To Arnie Burchianti, culture and success are as intertwined as a Celtic knot.
“There’s a direct [link] between the health of your organization’s values and culture to your growth and to your long-term viability,” says the founder and CEO of Celtic Healthcare Inc., which takes its name from the intricate symbol.
Burchianti builds that culture by measuring his 600 employees against core values, such as accountability, teamwork and mutual respect. Doing this has allowed the home health care provider to grow to 2007 revenue of $31.4 million from $5 million in 2005.
Smart Business spoke with Burchianti about how to hold your employees accountable by setting clear expectations and offering simple rewards.
Q. How do you hold employees accountable?
It starts at the hiring process. We only hire people who are self-motivated and hold themselves accountable.
Anyone who’s coming in is asked to do an online personality profile. It helps you get through the b.s. of the interview and understand what motivates the person. You can see whether the person has the
behavioral styles to be accountable to the responsibilities.
We ask open-ended questions like, ‘If you were in this situation and here were the terms, what would you do?’ We’re trying to reproduce what we know this job is going to require. You’re asking questions that will put them in a work environment and seeing how they’re going to respond.
Q. How do you hold employees accountable without micromanaging them?
Managers micromanage because the roles and responsibilities are not clear enough for the employee. If we bring the right people in understanding the roles, then we don’t need to micromanage them.
When you hire employees, you have to have well-documented, clearly defined roles and responsibilities. You’ll hear people say, ‘Here’s your job description, but you’ll be doing more than that.’ That’s like saying, ‘You’re going to join the football team, but you’re going to use a golf club, too.’
Revise your job descriptions as frequently as you [change] the responsibilities. Once the description is clear, then you don’t need to micromanage. You say, ‘This is due on every Tuesday of every week. If
there’s a disaster, let us know. Otherwise, you’re going to be held accountable to do this weekly.’
If you give them a crappy job description, then say, ‘You’re not doing your job,’ they’re going to look at you like you’re nuts. People will lose trust in you if you’re holding them accountable to things that you’re not telling them about.
Q. How do you measure their performance?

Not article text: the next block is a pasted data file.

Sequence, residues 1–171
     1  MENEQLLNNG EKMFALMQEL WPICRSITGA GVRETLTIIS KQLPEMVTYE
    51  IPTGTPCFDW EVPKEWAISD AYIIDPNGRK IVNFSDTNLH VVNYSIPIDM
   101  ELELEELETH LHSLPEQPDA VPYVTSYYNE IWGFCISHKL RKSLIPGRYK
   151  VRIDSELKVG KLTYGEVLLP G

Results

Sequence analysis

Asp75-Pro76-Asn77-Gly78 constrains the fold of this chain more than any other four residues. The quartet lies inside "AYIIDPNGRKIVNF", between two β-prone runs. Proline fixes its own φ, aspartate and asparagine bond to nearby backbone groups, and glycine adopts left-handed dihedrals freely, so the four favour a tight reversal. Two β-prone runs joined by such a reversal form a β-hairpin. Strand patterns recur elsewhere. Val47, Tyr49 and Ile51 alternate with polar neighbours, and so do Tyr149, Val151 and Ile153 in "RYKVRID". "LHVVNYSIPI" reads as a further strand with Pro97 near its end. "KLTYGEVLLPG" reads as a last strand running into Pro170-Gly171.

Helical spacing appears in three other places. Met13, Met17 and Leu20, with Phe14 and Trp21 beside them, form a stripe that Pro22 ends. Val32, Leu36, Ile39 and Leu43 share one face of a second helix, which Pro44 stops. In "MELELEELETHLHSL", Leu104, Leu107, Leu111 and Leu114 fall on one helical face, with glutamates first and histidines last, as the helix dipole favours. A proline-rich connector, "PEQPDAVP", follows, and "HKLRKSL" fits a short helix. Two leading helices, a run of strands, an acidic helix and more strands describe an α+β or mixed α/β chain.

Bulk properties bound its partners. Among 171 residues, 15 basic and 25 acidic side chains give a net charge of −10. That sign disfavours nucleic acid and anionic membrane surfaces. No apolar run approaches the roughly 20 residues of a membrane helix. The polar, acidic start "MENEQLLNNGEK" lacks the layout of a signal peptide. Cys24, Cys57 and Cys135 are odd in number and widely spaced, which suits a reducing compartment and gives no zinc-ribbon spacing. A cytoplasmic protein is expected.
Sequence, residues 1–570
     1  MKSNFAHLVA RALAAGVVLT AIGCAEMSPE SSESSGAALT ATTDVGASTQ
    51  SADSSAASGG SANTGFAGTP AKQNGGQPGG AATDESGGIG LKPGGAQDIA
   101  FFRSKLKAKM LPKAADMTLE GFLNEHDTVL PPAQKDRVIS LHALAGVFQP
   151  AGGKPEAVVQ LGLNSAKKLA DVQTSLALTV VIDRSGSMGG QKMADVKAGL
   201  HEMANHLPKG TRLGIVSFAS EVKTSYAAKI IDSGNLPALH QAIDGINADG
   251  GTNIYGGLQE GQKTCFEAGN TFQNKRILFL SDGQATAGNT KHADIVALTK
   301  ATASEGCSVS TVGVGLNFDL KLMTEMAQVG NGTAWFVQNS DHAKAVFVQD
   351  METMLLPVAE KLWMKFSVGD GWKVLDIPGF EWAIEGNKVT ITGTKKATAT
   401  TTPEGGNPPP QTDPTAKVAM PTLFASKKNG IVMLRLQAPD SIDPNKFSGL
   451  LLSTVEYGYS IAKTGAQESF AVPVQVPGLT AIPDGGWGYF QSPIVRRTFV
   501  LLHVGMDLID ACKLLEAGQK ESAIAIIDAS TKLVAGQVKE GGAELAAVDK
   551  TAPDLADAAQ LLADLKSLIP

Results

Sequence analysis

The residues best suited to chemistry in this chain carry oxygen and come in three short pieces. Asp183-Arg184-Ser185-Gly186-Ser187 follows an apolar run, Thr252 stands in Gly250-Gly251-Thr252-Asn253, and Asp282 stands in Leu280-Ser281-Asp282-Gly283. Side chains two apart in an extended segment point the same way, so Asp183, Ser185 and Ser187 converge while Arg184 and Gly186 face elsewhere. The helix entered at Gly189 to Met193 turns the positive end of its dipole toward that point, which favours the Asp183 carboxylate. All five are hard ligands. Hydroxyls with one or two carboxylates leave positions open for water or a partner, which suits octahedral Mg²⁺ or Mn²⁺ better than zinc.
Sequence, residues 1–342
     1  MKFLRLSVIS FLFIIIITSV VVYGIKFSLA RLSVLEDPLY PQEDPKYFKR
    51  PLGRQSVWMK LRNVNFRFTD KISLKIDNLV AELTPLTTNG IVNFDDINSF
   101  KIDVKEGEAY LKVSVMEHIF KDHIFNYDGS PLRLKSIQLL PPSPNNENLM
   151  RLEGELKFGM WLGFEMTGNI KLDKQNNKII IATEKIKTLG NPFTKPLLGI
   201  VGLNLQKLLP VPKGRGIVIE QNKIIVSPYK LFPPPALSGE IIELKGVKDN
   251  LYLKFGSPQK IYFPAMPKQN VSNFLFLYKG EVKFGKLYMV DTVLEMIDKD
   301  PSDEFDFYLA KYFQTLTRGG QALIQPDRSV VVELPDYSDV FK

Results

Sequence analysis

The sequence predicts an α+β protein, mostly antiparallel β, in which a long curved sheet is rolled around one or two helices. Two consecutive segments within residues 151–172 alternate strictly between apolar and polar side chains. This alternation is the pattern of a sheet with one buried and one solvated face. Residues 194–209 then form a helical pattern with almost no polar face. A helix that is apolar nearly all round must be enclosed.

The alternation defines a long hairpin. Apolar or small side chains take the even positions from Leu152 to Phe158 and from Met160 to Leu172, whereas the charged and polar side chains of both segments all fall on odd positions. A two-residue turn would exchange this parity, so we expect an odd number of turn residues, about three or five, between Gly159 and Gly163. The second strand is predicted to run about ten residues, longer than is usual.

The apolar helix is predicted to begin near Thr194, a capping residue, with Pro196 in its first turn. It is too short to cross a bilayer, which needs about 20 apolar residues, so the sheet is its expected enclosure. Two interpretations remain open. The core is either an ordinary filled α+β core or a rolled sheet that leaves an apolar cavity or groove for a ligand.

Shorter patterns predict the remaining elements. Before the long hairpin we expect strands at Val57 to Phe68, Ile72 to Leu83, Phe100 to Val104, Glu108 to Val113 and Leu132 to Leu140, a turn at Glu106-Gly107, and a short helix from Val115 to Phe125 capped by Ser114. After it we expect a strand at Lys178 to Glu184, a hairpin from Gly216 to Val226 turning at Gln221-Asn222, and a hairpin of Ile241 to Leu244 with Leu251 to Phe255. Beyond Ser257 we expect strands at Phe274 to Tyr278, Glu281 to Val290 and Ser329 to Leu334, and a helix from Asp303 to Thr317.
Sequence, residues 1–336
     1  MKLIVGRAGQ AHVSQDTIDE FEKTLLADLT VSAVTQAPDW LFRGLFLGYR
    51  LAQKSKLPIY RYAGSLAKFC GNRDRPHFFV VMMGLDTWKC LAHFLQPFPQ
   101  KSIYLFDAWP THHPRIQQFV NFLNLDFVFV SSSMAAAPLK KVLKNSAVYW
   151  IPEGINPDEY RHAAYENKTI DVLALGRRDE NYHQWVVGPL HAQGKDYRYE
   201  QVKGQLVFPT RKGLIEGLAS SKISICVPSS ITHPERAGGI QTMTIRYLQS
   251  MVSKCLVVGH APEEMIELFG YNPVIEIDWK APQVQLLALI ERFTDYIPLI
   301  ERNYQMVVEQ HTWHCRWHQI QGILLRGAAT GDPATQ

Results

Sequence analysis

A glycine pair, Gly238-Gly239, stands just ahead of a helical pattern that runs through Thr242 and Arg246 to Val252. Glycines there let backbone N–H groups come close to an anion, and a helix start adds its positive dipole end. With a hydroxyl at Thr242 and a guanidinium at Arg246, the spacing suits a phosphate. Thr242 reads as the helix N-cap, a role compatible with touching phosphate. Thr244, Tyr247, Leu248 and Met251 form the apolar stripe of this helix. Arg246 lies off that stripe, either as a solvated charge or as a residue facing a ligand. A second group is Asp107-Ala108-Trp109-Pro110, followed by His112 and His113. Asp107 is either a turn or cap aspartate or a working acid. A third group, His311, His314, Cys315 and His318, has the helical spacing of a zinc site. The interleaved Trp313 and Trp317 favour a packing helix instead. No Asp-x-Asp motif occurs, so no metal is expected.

We put a lot of time in performance appraisals throughout the year to judge whether the person’s getting it. If not, let’s not wait till the end of the year to nail them in the review. ...
We do 90-day reviews with new employees then [another after] 30 more days if there are any areas that aren’t being exceeded. [If there are,] they go through our whole process: We give them verbal notice, written notice, performance plan with realistic measures and goals, and termination.
Q. On the flip side, how do you reward employees for good performance?
You’ve got to recognize your people for adherence to things that are important to you.
You’ve got to create a system that you can actually implement. Technology allows for these things to occur. The Web is a powerful tool to keep people connected in real time.
We have a program called G.R.O.W. It’s an acronym for Great Reward Opportunities With Celtic. That program is a Web-based, real-time program, which recognizes and rewards people.
We put about $100,000 into the G.R.O.W. program each year. People can take their pay out quarterly either in cash or time off. It’s recognizing people for adherence to our core values.
All our managers are able to recognize employees by just logging in to our Web-based application. It sends an e-mail notification to the employee that [they] received X points, and then those points go into a bank. They’re weighted, so a person with 10 points versus a person with two points is going to have more of that pool of money for that quarter.
Recognizing people in the act of doing good is probably more important than bonuses and money. Yeah, they need a paycheck, but they want to know if they’re doing something worthwhile for the organization.
If I see somebody being accountable to a project, I’ll log in to our system and give them two or three points and a little message saying, ‘I’m happy you were able to hit that project. You did a nice job on it.’
If you put together a rewards program that takes five steps and mailing letters, are you going to take the time to do that? No, but log on and type in someone’s name, and instantly they get an e-mail. You really
just get people to buy in to your core values because you’re constantly recognizing them.
HOW TO REACH: Celtic Healthcare Inc., (800) 355-8894 or www.celtichealthcare.com